Methods: DNA and clinical data were derived from 8 sites from the Pediatric ITP Consortium of North America’s (ICON) biorepository. Samples were genotyped using the Illumina Global Screening Array BeadChip. Genotypes were imputed using the Michigan Imputation Server HRC reference panel. Genetic variants that passed standard quality metrics and had a MAF ≥1% were retained. Control samples (n=8,372) were obtained from the National Longitudinal Study of Adolescent to Adult Health (Add Health) cohort. Logistic regression models were used to estimate adjusted odds ratios (aORs) comparing (1) ITP and control cohorts and (2) cITP and sr-ITP cohorts. Models assumed additive allelic effects and accounted for the top 3 principal components. Genome-wide significance was defined as P <5 × 10-8 and suggestive of genome-wide significance, P <1 x 10-5.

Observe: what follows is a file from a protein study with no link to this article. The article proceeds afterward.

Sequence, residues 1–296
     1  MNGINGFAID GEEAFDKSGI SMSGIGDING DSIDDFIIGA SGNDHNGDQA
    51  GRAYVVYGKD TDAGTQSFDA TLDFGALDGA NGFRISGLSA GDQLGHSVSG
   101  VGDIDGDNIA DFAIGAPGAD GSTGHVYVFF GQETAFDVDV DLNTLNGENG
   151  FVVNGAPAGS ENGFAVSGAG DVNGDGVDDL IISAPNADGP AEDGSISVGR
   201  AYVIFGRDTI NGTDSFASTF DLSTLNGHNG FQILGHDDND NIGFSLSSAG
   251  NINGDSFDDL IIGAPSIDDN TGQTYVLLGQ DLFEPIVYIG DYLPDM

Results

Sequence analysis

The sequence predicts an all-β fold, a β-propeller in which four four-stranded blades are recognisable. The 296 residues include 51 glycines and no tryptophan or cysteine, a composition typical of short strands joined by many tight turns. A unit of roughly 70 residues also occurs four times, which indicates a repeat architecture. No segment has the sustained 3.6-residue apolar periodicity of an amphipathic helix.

Results: Six-hundred ten unique patient samples were genotyped. Nineteen (3.1%) did not pass quality control, leaving 591 for analysis. This cohort included 307 (52.0%) cITP patients, 209 (35.4%) sr-ITP patients, and 75 (12.7%) individuals without complete follow-up data to allow for classification of cITP or sr-ITP. The ITP cohort was 50.1% male, 50.1% non-Hispanic (NH) white, 29.4% Hispanic, 6.1% NH Black, 3.1% NH Asian, and 11.3% Other/Unknown.